Trigger warning: Article contains mentions of illnesses, both mental and physical, that some individuals may find triggering. Should you need assistance with your mental health, you may contact the National Center for Mental Health or refer to this list of hotlines.
My stuff at home is in constant disarray — books stacked like sloppy towers on the living room table, yarn trimmings from yesterday’s project scattered all over the couch (and the floor), a drawer looking like a bottomless pit of clothing that could possibly give tidying expert Marie Kondo a heart attack… You can say that I’m not the most organized person around. But I’ll tell you what: I also have obsessive compulsive disorder, which is more commonly known as OCD.
A condition often associated with neatness, OCD is more than just having the preference of keeping things orderly and pristine. In fact, obsessions and compulsions caused by OCD don’t develop out of mere preference. We have them because we feel like we’re being pushed towards the brink of our sanity and we don’t have any other choice. It’s almost always between doing the action or risk having a negative intrusive thought — no matter how irrational it may be — come true.
This World Mental Health Day, allow me to give you a glimpse into my life as an OCD warrior. This will hopefully not only help you understand the condition better, but also prompt you to take action if you think someone dear to you could use help to overcome this debilitating mental illness.
OCD comes in many forms—and it’s possible to suffer from more than just one type at a time.
OCD may be used as an umbrella term for a wide range of obsessions, compulsions, and urges. But if you want to get into the specifics, the condition actually is subdivided into different kinds and a professional can determine which type or types your symptoms fall under:
- Symmetry and Orderliness – probably the best-known type of OCD, this involves arranging things in a certain way to prevent discomfort or harm from occurring. Unlike those who just want things to look nice and neat, people with this type of OCD take organization on a different level, as dictated by their intrusive or obsessive thoughts. For instance, one has to keep their school notes upright in their bags otherwise they would fail.
- Checking – this compulsion is driven by the obsessive fear that something may cause harm if a certain task is not done. Those with this type of OCD constantly seek reassurance, review past memories, or go over menial tasks over and over again, like checking doors if they’ve been locked or gas stoves if they’ve been turned off. Checking may also involve constantly or overly checking one’s body for signs of illnesses or health conditions.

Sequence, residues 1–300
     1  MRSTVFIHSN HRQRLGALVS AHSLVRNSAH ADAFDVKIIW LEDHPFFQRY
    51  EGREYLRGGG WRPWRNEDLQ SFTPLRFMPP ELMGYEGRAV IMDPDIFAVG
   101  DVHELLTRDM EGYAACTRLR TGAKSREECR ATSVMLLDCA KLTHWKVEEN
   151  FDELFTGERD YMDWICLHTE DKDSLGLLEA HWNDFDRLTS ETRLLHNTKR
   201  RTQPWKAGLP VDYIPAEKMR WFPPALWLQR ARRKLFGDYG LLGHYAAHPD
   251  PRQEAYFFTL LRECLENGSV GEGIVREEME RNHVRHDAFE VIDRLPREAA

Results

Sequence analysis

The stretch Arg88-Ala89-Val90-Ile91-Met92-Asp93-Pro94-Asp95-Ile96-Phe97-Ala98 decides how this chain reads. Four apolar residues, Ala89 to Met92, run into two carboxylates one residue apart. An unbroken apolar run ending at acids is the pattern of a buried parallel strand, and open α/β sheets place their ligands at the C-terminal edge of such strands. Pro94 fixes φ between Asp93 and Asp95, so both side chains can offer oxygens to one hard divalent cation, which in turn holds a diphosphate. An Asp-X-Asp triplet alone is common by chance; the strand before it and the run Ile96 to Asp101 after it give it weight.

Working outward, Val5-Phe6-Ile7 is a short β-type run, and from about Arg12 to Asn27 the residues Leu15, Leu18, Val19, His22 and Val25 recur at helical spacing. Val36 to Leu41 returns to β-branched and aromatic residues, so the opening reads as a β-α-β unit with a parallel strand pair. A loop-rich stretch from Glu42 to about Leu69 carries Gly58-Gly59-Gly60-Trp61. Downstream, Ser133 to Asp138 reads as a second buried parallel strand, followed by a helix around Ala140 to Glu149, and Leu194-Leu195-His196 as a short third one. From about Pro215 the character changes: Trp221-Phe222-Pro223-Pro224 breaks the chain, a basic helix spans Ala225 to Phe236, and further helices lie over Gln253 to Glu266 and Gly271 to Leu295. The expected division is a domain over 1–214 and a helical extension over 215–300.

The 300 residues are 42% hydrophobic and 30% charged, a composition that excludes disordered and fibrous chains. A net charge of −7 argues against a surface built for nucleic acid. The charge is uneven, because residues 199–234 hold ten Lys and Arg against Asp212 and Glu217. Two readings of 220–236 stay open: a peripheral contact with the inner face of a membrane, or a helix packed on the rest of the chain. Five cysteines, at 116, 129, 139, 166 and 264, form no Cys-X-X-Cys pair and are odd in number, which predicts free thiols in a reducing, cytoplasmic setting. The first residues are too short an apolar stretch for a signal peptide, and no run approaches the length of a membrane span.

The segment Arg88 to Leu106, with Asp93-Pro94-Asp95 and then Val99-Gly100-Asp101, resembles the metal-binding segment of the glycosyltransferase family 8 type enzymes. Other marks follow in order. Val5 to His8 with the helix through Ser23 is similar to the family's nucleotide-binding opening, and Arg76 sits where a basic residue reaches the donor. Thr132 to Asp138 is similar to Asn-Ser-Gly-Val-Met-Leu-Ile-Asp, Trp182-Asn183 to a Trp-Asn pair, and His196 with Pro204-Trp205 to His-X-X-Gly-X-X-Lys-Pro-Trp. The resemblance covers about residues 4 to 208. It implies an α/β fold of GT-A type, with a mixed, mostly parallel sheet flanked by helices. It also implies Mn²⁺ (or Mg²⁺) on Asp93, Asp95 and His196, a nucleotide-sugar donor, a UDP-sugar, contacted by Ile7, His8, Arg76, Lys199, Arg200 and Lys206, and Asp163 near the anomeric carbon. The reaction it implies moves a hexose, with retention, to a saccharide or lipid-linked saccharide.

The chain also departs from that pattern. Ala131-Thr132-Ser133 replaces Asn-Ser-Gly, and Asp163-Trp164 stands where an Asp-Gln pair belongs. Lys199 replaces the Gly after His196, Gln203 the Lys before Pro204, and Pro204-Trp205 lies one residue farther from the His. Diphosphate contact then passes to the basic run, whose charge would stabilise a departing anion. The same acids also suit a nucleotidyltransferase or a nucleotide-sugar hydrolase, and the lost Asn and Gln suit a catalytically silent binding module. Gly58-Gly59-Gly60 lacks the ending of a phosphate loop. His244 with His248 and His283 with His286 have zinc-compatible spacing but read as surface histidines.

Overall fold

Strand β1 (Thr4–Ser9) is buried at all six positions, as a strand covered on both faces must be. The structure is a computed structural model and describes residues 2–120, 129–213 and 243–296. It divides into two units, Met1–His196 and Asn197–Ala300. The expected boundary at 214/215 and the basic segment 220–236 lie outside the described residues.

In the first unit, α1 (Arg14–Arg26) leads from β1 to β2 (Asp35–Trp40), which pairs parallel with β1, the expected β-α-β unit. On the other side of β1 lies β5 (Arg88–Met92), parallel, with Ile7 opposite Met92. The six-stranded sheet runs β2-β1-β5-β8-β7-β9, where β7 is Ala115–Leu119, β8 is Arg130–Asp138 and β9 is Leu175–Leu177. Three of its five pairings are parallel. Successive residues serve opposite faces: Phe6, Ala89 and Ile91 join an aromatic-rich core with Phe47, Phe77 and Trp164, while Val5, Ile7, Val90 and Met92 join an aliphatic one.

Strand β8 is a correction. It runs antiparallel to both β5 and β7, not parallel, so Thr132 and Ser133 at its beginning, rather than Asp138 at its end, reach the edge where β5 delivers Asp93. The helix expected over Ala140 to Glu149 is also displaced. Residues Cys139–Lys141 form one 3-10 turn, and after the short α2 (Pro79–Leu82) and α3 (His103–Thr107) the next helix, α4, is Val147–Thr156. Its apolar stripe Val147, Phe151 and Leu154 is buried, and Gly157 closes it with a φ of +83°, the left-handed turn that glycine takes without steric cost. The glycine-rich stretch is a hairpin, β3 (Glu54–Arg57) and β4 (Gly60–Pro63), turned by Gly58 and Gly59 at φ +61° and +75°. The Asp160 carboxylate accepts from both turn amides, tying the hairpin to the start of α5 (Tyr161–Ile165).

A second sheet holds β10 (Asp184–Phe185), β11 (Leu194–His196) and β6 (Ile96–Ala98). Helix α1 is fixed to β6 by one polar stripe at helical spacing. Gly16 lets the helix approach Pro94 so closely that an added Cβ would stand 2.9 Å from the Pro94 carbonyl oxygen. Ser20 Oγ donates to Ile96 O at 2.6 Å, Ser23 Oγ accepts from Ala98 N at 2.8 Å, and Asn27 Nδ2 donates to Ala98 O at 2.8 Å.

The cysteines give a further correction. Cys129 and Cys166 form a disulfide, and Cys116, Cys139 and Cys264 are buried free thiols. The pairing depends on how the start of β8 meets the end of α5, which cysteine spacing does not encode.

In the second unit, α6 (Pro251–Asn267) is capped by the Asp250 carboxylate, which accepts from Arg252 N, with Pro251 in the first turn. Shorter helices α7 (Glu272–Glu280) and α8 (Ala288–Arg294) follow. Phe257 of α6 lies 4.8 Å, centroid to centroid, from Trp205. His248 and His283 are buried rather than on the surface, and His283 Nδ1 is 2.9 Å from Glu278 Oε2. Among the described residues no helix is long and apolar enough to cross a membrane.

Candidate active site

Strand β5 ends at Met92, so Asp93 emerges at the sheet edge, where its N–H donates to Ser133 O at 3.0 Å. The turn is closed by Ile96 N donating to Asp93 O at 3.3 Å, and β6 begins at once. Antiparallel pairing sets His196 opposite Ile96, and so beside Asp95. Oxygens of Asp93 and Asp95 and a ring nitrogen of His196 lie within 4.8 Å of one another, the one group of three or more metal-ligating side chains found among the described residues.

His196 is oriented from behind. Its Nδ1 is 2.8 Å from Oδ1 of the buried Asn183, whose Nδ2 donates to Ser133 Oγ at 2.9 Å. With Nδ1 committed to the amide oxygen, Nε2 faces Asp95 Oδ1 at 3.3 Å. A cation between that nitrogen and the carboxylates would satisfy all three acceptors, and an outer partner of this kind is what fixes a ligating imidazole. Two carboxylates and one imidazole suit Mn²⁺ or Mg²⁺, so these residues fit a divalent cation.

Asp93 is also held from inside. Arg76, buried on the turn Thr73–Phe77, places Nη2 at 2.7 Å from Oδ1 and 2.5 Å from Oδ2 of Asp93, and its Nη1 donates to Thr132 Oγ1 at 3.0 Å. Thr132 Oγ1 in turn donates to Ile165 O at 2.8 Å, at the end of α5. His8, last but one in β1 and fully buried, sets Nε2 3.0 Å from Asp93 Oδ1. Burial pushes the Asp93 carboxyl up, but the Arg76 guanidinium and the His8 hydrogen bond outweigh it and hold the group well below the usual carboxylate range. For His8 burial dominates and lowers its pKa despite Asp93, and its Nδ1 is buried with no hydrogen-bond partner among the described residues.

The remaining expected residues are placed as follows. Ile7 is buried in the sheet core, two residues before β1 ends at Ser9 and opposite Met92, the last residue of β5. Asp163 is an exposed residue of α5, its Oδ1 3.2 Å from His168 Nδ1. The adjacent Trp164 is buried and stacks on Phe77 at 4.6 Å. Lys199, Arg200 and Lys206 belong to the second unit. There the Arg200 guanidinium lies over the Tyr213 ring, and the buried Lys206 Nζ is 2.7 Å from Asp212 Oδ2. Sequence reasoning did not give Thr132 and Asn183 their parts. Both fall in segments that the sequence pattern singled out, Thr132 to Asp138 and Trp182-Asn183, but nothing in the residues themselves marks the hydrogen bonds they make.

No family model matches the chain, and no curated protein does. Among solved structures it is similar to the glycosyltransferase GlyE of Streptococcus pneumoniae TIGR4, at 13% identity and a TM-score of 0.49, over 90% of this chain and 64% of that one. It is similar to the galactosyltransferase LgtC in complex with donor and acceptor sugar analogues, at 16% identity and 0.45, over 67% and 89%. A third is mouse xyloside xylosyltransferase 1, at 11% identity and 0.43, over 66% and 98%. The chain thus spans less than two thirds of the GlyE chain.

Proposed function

- Rumination or Intrusive Thoughts – this type of OCD doesn’t usually come with a compulsion. It mainly involves repetitive, disturbing, or even downright horrific thoughts, like inflicting violence on a loved one or, for those who are brought up in a religious environment, coming up with unwanted blasphemous thoughts and images.
- Hoarding – many are familiar with hoarding but they do not realize that it can be a type of OCD, too. Not to be confused with hoarding disorder, where one keeps an excessive number of objects in a chaotic manner, hoarding OCD pushes the sufferer to hoard items for very specific obsessive worries and fears.
- Contamination – either mental or physical, this type of OCD involves thoughts of being dirty or getting sick because of getting exposed to bacteria or chemicals or even people. Contamination OCD sufferers may be seen repeatedly washing their hands, disinfecting surfaces, or avoiding places, objects, and activities that might cause them or their loved ones harm.
Personally, I have three types of OCD — what a party, right? I didn’t develop all of them at the same time, but as one type worsened, it resulted in another form of OCD. I started with checking OCD — constantly obsessing over my health (multiple trips to the doctor’s office, begging them to test me for every possible illness to “make sure” that nothing’s wrong), which then led to contamination OCD (I wouldn’t change batteries if someone else could do it for me), and eventually, intrusive thoughts.
Along with OCD, I was also diagnosed with anxiety, for which I was prescribed medication by my psychiatrist. It’s not uncommon for OCD sufferers to have other mental disorders. Some may also develop depression. This is why treatment for OCD is essential.
OCD comes with a vicious cycle.
This cycle typically begins with an intrusive thought or obsession. For example, you came across an article about some rare disease and after a while, a thought pops up in your head: “What if I have it?” This caused you so much anxiety, you research more about the illness, you start to develop its symptoms (or so you think), and you check your body for more signs of the disease — you’re pretty sure you have it.